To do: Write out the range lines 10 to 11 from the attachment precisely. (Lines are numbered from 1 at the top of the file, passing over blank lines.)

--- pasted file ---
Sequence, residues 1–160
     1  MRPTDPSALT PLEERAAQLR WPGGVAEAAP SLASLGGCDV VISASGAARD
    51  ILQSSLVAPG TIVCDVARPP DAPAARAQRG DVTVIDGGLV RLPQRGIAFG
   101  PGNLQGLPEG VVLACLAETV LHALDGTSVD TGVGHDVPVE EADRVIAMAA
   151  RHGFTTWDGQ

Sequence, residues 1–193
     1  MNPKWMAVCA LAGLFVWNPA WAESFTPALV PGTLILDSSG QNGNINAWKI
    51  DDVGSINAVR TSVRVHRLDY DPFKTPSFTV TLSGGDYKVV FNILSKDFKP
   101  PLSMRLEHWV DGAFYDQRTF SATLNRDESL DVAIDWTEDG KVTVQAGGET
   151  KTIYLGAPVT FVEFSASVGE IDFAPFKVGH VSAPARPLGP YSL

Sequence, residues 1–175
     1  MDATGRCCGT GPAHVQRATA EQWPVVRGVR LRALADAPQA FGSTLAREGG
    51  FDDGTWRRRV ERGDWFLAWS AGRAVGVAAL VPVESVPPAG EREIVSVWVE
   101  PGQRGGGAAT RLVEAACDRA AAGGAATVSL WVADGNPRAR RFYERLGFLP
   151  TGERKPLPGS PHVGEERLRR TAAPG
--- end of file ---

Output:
   151  KTIYLGAPVT FVEFSASVGE IDFAPFKVGH VSAPARPLGP YSL

Sequence, residues 1–175